A maudlin exploration of the paranormal events that surround Audrey Santo, a comatose 16-year-old from Worcester, Massachusetts, whom many consider to be a saint.
Promoting the notion that Audrey is Christ’s liaison, Felix (What Makes the Grand Canyon?, 1998, etc.) draws on press reports, television features, and interviews to chronicle her subject’s life. After Audrey’s close brush with death (from drowning) in 1987 left her dependent on life-support, her devout Catholic mother, Linda, took her on a pilgrimage to a Croatian village (in what was then still called Yugoslavia) where a group of children were reputed to be receiving apparitions of the Virgin Mary. Linda claims that during their pilgrimage the still-unconscious Audrey communicated with the Virgin Mary and volunteered to become a “victim soul”—a pious Christian who willingly takes on the pain of others in imitation of Christ. After their homecoming, Linda’s testimony was supported by a series of seemingly supernatural occurrences that took place in Audrey’s bedroom: for example, religious artifacts began to move, bleed, and leak oil. Audrey also developed stigmata—mysterious sores that resembled the crucifixion wounds of Christ. Convinced that Audrey was engaged in a silent conversation with Jesus, the family transformed their garage into a chapel and invited pilgrims to use the site as a place to pray for miracles. Although the Catholic Church has yet to conclude its investigation (and despite the fact that the Croatian visionaries have been condemned as frauds by their local bishop), Felix maintains that Linda’s assertions are truthful. She subtly discredits interviewees who question Audrey’s authenticity and portrays the Santos as living martyrs. Her overblown enthusiasm for her subject strips her reportage of credibility, however, and she fails to deliver concrete evidence, leaving us to wonder if Audrey is an ill-fated child who is being exploited. And although the material lends itself to high drama, intrigue, and intelligent speculation, the author’s vapid narration renders even the phenomena of bleeding paintings dull.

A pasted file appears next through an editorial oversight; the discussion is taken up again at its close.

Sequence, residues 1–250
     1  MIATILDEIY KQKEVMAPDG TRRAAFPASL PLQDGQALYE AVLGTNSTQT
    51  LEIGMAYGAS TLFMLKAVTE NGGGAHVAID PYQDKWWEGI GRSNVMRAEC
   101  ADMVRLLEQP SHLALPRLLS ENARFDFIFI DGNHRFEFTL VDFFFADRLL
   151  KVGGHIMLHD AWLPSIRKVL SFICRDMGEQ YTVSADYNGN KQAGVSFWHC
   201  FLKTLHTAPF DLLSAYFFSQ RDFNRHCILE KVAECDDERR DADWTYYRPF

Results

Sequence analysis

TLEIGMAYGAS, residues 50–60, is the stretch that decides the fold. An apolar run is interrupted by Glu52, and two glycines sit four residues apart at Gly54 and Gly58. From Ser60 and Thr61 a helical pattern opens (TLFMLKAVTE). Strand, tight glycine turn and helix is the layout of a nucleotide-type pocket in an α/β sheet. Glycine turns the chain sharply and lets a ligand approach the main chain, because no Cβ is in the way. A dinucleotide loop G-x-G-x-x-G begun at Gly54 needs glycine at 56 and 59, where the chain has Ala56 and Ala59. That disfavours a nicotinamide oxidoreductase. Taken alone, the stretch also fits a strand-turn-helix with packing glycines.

Nonbelievers won’t budge—and intrigued readers are better off requesting a transcript of the 20/20 feature that inspired Felix to write this bland and credulous account.